In March 2011, the head of the DGSE flew to Tunisia to meet Moussa Koussa Gaddafi’s foreign minister, to persuade him to defect to France. As the French were arranging a plane, they found that M16 had snatched him from under their noses and flown him to London. ‘’No doubt our British allies must have made a more generous offer,’’ he says.

The fit looking former commando is bitter about the arrival of civilian command and personal in the DGSE, although it is still part of the military. The change was ordered after the debacle of the Rainbow Warrior in 1985, when La Boite, acting under orders, sank the Greenpeace ship in New Zealand.

Diluted by the mass recruitment of civilians, the agency has become bloated and lost its military values of loyalty, trust and initiative, he writes.

The DGSE, now headed by Bernard Emie, a 64-year-old diplomat, is upset that it was not asked to vet the book, which appeared without its knowledge. ‘’By publishing such works, former members of the service are breaking their oath [of secrecy] and damaging the institution.’’ It said.’’

A huge number of eminent scholars have committed their entire career to establishing that there is clear distinction between coup d’etats and other forms of violence such as banditry, kidnapping, insurgency, riots etc. The determinant factor revolves around whether or not regime change is contemplated as the ultimate outcome. Other issues that would have to be resolved relate to sovereignty, territory and security.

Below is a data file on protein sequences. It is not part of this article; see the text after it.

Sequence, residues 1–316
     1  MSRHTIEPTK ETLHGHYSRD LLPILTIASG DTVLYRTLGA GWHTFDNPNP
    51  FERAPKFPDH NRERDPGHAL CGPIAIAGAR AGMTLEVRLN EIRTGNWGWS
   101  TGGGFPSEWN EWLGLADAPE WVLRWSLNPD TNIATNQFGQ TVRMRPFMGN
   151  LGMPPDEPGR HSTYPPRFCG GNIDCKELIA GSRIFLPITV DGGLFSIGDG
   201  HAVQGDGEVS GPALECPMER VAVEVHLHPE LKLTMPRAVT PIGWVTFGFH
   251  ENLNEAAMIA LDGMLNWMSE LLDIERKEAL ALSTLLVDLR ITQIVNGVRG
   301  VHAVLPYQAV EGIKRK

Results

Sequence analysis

The concept of bloodless coup d’etat is a matter that requires further interrogation. In any case, it is a very rare occurrence. We can delve as far back into ancient history, death and despair by the losers. It is the victors who can lay claim to triumph and proceed to jubilate and rejoice.

Read also: Meet Adebayo Adelabu, accountant appointed minister of power

With every coup d’etat the stakes are very high. Scholars have been able to penetrate the DNA of coups from planning to execution and whatever follows afterwards. According to Professor Alan Goddard – Smith women are poorly represented in coup plotting!! However, ironically when coup d’etats fail women and children suffer massive collateral damage.

Penalties go beyond execution of the coup plotters. Whoever is remotely connected with them becomes victims.

I was somewhat intrigued by the treatise of Dr Alex Morris who has devoted the last five decades on research into what he calls ‘’volcano eruptions’’ as a euphemism for regime change through means other than through the ballot box. The range covers assassinations, invasion, battles e.t.c. even when the coveted prize is not necessarily territory but a damsel. It goes back several centuries with special attention to Roman and Greek empires as well as the much older civilizations. In China, Japan and India. Thankfully, Africa is not ignored entirely. Anyway, eminent professors of history and literary giants have gone to great length to make the point that much of the work of William Shakespeare revolves around coups with Julius Caesar as the prime example. Somehow, the supernatural always creeps into the drama.